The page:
Debate Wars - Netflix
A comedy debate series moderated by Michael Ian Black where two 2-person teams of comedians and improvisers enter the "Debatium" to settle, once and for all, the greatest arguments of all time.
Type: Game Show
Status: To Be Determined
Runtime: 30 minutes
Debate Wars - Mytilenian Debate - Netflix
The Mytilenian Debate (also spelled “Mytilenean Debate” or “Mytilenaean Debate”) in the Athenian Assembly concerned reprisals against the city-state of Mytilene, which had attempted unsuccessfully to shake off Athenian hegemony, during the Peloponnesian War. The Debate occurred in 427 B.C.; Thucydides reports it in book three of his History of the Peloponnesian War, and uses the events and the speeches as a major opportunity to reflect and to offer his views on the political and ideological impact of the war on the parties involved.
Debate Wars - The Mytilenian Revolt - Netflix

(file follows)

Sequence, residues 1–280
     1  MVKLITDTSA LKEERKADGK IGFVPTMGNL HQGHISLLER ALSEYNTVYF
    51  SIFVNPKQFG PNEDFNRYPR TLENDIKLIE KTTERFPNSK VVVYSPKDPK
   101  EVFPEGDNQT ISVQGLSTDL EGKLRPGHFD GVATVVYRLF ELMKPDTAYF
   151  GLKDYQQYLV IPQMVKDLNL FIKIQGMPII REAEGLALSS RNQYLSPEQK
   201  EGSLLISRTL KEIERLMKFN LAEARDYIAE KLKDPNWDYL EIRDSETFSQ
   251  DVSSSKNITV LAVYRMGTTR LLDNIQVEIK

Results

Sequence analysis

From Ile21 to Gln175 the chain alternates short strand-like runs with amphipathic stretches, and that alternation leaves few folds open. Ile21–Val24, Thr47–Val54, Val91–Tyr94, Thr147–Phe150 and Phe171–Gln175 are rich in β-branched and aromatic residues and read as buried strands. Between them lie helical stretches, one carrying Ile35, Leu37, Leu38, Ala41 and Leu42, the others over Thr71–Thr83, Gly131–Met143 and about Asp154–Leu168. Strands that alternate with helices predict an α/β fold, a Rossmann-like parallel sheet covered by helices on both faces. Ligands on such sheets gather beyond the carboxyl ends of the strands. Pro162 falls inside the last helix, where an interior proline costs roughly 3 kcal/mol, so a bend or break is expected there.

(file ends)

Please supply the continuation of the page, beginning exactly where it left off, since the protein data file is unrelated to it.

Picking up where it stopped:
The Mytilenians began preparing for the revolt by filling in their harbours, erecting fortifications, building additional warships, and importing extra grain. The preparations began to attract attention, and informants started reporting details to Athens. Information came from several sources. Three of the other states on the island, Antissa, Eresus, and Pyrrha, had oligarchic governments. Methymna, however, had a democracy, and did not support the revolt or the unification of Lesbos. Some Mytilenians, known as proxenoi, also reported information to Athens. Proxenoi were a small faction of political opponents, whose temperaments were compatible with Athenian democracy. Athens selected these officials to strengthen her position internally and prepare for the eventual removal of the oligarchies. The Athenians responded to the news by attempting to intercept Peloponnesian aid and sending a fleet, led by Paches, to Lesbos. Upon arrival, Athens delivered an ultimatum, which ordered the Mytilenians to surrender and tear down their fortifications, but they refused and the rebellion ensued. However, the Mytilenians were forced into revolt before they were militarily prepared to confront Athens, because the Proxenoi alerted them of Mytilene's plans. As a result, the Mytilenians quickly lost and had to implement negotiating tactics to stall for time. In order to buy more time for Sparta, they called for a truce and sent representatives to Athens for negotiations. The Mytilenian representatives called for the removal of the Athenian fleet, which the Athenians promptly denied, and fighting continued. All of Lesbos, other than Methymna, took arms against Athens, but Lesbos lost ground upon the arrival of more Athenian troops. Mytilene became surrounded by Athenian fortifications and were isolated by land and sea. Finally, the Spartan Salaethus arrived and raised morale by reassuring the Mytilenians that the Peloponnesians were going to invade Attica and promised to supply them with a fleet in the spring. As promised, Attica was invaded, but it did little to help the trapped islanders because the fleet never arrived and the food supplies had depleted. The final effort was made when Salaethus supplied the demos with hoplite arms. However, after the lower class was given arms they refused to follow orders and demanded that the oligarchs hand over the remainder of the food or else they would surrender. The oligarchs could not meet the demos’ demand because there was no more food. After realizing the hopelessness of the situation, the oligarchs and the demos jointly initiated negotiations with Athens. For all intents and purposes, Athens’ terms of negotiation were not much better than unconditional surrender, and the fate of the Mytilenian people rested on the decision of the Athenian people. The Mytilenians were only granted the right to send a delegation to Athens to plead for compassion, which was supported by Paches’ guarantee that no punitive actions would be taken until the Athenians agreed upon a conclusion.